See Sec. 585.725 (for CPG 7114.22) - "Pumpkin" is an acceptable designation for labeling articles made from certain varieties of squash.
Packers of canned pumpkin that use pumpkin and/or squash in their "canned pumpkin" may further process the seeds obtained therefrom for food use, or in some cases may sell the seeds to another processor. This practice would naturally lead to our being asked, as we were recently, whether squash seeds, when offered as food, may be labeled and sold as "pumpkin seeds." Horticulturists in the U. S. Department of Agriculture advise us that horticulturally, the difference between the seeds of squash (Cucurbita maxima) and pumpkin (Cucurbita pepo) is slight - there is no difference in the outward appearance - and any other difference is detectable only by an expert.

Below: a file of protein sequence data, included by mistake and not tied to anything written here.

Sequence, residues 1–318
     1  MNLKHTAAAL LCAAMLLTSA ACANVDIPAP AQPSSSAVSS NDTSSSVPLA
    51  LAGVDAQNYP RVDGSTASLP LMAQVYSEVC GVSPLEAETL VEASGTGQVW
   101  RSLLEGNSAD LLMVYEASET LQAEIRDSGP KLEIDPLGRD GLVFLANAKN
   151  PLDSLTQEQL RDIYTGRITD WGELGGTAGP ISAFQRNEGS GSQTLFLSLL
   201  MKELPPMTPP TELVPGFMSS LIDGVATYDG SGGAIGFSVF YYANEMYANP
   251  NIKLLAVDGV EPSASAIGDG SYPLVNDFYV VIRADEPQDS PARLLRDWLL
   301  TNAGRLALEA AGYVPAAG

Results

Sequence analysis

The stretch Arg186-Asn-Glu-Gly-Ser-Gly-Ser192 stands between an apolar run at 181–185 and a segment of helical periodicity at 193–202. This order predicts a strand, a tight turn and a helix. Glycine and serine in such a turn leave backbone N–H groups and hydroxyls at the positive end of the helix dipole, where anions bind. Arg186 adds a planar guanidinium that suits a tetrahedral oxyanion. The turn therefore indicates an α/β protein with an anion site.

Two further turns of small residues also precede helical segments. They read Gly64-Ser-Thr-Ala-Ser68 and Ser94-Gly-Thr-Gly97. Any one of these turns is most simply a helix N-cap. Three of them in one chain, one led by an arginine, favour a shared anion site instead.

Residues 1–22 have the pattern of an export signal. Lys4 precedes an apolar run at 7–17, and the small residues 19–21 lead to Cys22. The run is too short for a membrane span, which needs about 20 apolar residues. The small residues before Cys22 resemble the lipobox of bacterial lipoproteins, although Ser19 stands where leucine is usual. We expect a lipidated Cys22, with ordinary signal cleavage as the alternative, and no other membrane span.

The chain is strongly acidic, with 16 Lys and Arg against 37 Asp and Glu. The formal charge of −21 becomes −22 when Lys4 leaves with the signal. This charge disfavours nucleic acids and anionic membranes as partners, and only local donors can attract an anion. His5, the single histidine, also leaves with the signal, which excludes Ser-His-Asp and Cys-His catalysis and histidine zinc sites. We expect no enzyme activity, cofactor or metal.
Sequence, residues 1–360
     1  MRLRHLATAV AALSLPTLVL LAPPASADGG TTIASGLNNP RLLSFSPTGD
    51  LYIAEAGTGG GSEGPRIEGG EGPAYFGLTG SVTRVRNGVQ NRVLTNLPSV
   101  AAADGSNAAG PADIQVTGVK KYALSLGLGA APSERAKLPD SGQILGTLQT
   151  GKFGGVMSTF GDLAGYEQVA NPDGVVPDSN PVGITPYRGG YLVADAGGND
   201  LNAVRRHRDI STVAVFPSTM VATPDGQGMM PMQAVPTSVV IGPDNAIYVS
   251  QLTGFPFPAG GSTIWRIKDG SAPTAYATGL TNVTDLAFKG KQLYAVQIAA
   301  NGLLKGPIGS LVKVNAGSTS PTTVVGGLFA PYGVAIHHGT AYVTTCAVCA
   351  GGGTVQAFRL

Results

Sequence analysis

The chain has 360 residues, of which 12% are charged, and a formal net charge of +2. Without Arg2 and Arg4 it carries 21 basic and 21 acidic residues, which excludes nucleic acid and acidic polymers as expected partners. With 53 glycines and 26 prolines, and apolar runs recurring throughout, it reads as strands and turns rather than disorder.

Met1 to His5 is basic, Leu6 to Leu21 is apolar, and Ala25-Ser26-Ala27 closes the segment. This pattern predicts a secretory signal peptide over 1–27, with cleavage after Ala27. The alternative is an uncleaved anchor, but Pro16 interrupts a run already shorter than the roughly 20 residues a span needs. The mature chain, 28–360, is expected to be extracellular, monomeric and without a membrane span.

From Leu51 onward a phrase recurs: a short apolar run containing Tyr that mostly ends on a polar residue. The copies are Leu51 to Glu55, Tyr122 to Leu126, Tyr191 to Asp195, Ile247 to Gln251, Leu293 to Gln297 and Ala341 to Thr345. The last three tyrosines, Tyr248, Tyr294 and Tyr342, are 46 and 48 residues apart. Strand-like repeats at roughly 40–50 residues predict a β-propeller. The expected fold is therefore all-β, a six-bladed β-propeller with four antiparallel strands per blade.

The U. S. Dispensatory, 25th Edition, states, "Much confusion exists in the usage of the terms 'pumpkin' and 'squash,' these terms having been applied almost indiscriminately to varieties of several species of Cucurbita." It also points out that the British Pharmacopeia of 1914, recognized as "pumpkin seeds," the species Cucurbita maxima which is usually considered as squash in this country.
The designation of "pumpkin seed" will not be considered misleading when used in the labeling of (1) squash seeds which are practically indistinguishable from pumpkin seeds, or (2) mixtures of such squash seeds with seeds of the pie or field pumpkin.
Reissued: 8/23/73, 10/1/80, 12/8/88